A drama set during WWII. A tale of adultery & desertion.
-"Waterloo Road" deserves to be better known than it is. If, like me, you were born after the war, it is a fascinating glimpse of a time gone by, but don't watch it for that alone. It is a story about ordinary people in wartime, without heroics and melodrama, but with an abundance of character and incident. The characters struck me as being true to life, and I didn't find a jarring line of dialogue or a scene which dragged. John Mills gave a fine performance as a soldier gone AWOL, and Stewart Granger as the cad out to seduce his wife. All in all, a wonderful little film.
-Waterloo Road, made towards the end of World War II, tells the story of a young squaddie played by Sir John Mills, who having heard about his wife running around with a no good local operator, goes AWOL to basically find his erring wife and give the chap in question a good old thick ear.
Despite that being the entire plot in a nut shell, it is a fantastic piece of wartime nostalgia and a rather entertaining and charming little film to boot.
It is chockablock full of air raids, wardens, shelters, old fashion saloon bars, and its cast list is practically a cinematic who's who of British Wartime cinema, although it is the two male leads that really steal the film.
Stewart Granger is a thoroughly unlikable fellow in this film as the draft dodging spiv with a million brave guys wives to chose from and he plays his part magnificently, although at times his cockney slang-ridden accent does slip into his more characteristic well spoken Britisher.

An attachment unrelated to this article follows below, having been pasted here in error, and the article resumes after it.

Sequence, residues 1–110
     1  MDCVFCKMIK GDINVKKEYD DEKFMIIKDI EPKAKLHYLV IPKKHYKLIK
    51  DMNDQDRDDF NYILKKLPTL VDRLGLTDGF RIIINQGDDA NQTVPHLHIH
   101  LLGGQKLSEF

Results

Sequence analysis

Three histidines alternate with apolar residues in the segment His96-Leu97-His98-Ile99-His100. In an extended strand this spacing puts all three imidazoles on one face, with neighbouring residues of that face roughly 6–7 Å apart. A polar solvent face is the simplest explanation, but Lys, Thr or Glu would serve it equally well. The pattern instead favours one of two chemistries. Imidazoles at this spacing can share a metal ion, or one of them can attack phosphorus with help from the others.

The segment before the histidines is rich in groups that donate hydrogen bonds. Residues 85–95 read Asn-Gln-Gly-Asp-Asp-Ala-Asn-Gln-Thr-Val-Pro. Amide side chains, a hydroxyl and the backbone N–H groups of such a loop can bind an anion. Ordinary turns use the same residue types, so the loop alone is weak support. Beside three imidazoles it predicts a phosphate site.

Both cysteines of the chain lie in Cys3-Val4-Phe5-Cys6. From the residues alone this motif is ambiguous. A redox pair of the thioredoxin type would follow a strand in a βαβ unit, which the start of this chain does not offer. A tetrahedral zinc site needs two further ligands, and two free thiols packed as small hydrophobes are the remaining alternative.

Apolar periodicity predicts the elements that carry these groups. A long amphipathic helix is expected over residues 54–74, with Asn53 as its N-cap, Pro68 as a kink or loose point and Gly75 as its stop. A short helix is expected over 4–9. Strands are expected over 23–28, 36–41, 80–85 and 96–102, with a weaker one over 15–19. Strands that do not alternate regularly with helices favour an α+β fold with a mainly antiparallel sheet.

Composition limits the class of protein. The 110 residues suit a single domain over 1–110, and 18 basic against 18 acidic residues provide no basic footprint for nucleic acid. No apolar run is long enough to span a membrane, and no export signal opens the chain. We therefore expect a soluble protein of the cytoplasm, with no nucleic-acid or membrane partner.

Sir John Mills was never really used much in the guise of a physical tough guy, and after watching Waterloo Road it is not too hard to understand why. Despite the consummate and expert actor he undoubtedly was, he was on the whole, officer/ministry material and the fisty cuffs he displays in Waterloo Road, although well choreographed is not how the most majestic of our British acting knights should be perceived or indeed behave.
The final outcome of the Mills/Granger bout was also a little unbelievable, which is why they probably had Granger clasp his heart halfway through, as I'm sure in reality, Granger would have torn him to shreds, with the audience all to aware of the fact.
But still a pleasant little wartime ditty in to South London. Give it a go.
Val Valentine (story), Sidney Gilliat
John Mills ... Jim Colter
Stewart Granger ... Ted Purvis
Alastair Sim ... Dr. Montgomery
Joy Shelton ... Tillie Colter
Alison Leggatt ... Ruby
Beatrice Varley ... Mrs. Colter
George Carney ... Tom Mason
Leslie Bradley ... Mike Duggan
Jean Kent ... Toni
Ben Williams ... Cpl Lewis
Anna Konstam ... May
Vera Frances ... Vera Colter
Wylie Watson ... Tattooist
George Merritt ... Air Raid Warden
Release Date:5 February 1945 (UK)
Also Known As:A Estrada de Waterloo
Filming Locations:London, England, UK
Sound Mix:Mono (BAF Sound System)
Color:Black and White